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Revising techniques

Revising techniques

Author: Michelle Harris
  1. Explain what to look for when revising a paper (e.g. adequate support, effective and varied transitions between ideas, a clear beginning and end, clear logic, etc.).

  2. Explain how studying professors’ notes can help to revise a paper.

  3. Explain how to use a revision checklist to edit for grammar, mechanics, style, tone, purpose and focus.

  4. Explain how to use a revision checklist to edit for grammar, mechanics, style, tone, purpose and focus.

  5. Explain other choices for revising a paper.

This packet should help a learner seeking to understand how to revise a paper and who is confused about what revising technique to use. It will explain how to edit for correctness after writing the paper.

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Revising Vs. Editing: Yes, there IS a difference.

Many people use revising and editing to mean the same thing; there are in fact two separate processes, both of which have thier own methods. There is overlap, but basically revision is continual process of writing and re-writing, and editing focuses more on mechanics and grammatical changes once you have an acceptable draft. 


  • you revise and redraft to get your text right
  •  pay attention to your overall argument  
  •  logical flow of  ideas,
  • the quality of your evidence and support
  • transitions from one point to the next
  • the tone and style of your writing
  • work first with the larger structure and get that clear, then move to the paragraph and sentence level


  • Editing and proof reading address the grammatical and mechanical elements of you paper
  • Pay attention to spelling, punctuation, word usage, sentence structure and stylistic elements.
  • It is best to focus on one editing element at a time.
  • Have someone else edit your paper

Source: Michelle Harris


This power point walks you through some good "look for" when revising.


What is MLA and APA? What does my professor want? Presentation will shed some light and help you find your way.

Source: MLA and APA websites

Editing Marks

Here is a handy chart of common editing marks. It is also a good guide for what to look for when editing your work.


Revision Checklist



Subject, Audience, Purpose:
  1. What's the most important thing I want to say about my subject? 
  2. For whom am I writing this paper? What would my reader want to know about the subject? What does my reader already know about it?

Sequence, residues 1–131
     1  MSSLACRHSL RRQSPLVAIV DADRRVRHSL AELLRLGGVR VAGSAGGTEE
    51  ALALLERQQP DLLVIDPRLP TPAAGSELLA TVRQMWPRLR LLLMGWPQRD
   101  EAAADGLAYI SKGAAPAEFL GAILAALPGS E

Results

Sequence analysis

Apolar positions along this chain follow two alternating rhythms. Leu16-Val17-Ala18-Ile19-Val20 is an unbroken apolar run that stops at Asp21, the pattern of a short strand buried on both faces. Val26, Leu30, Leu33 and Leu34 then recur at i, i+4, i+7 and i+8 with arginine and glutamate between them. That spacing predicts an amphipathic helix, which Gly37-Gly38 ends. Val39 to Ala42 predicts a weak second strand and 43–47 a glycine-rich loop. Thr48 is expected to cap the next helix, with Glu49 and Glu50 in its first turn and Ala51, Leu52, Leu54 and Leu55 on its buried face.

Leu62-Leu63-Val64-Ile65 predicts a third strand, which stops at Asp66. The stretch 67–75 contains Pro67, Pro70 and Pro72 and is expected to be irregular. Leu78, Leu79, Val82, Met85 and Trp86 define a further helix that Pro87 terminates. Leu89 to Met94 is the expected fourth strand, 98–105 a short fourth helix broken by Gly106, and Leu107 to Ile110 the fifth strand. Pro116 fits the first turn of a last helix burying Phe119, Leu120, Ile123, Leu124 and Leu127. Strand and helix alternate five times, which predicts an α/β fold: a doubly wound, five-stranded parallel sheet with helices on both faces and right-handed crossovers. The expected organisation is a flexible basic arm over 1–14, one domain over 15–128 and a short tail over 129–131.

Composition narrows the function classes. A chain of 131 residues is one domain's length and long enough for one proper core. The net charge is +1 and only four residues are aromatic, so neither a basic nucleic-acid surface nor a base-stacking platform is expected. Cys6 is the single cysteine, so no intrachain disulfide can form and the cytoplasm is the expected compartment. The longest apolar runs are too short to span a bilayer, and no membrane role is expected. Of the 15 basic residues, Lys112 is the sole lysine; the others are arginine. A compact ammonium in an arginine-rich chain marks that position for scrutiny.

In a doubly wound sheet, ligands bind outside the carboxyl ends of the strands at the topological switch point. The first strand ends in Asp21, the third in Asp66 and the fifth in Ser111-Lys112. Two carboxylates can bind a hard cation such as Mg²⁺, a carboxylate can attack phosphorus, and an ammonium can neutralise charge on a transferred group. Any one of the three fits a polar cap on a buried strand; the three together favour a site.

3. Why do I think the subject is worth writing about? Will my reader think the paper was worth reading? 
  4. What verb explains what I'm trying to do in this paper (i.e. tell a story, compare X to Y, describe Z, etc.)? 
  5. Does my first paragraph answer questions 1-4? If not, why not?
  1. How many specific points do I make about my subject? Did I overlap or repeat any points? Did I leave any points out or add some that aren't relevant to the main idea?
  2. How many paragraphs did I use to talk about each point? 
  3. Why did I talk about them in this order? Should the order be changed? 
  4. How did I get from one point to the next? What signposts did I give the reader?
Paragraphing (Ask these questions of every paragraph):
  1. What job is this paragraph supposed to do? How does it relate to the paragraph before and after it? 
  2. What's the topic idea? Will my reader have trouble finding it? 
  3. How many sentences did it take to develop the topic idea? Can I substitute better examples, reasons, or details? 
  4. How well does the paragraph hold together? Are the sentences different length and types? Do I need transitions? When I read the paragraph out loud, did it flow smoothly?
Sentences (Ask these questions of every sentence):
  1. Which sentence in my paper do I like the most? The least? 
  2. Can my reader "see" what I'm saying? What works could I substitute for people, things, this/that, it, is, etc.? 
  3. Is this sentence "fat"? Does it have clichés, showy words, of padded phrases? 
  4. Can I combine this sentence with another one? 
  5. Can I add adjectives and adverbs or find a more lively verb?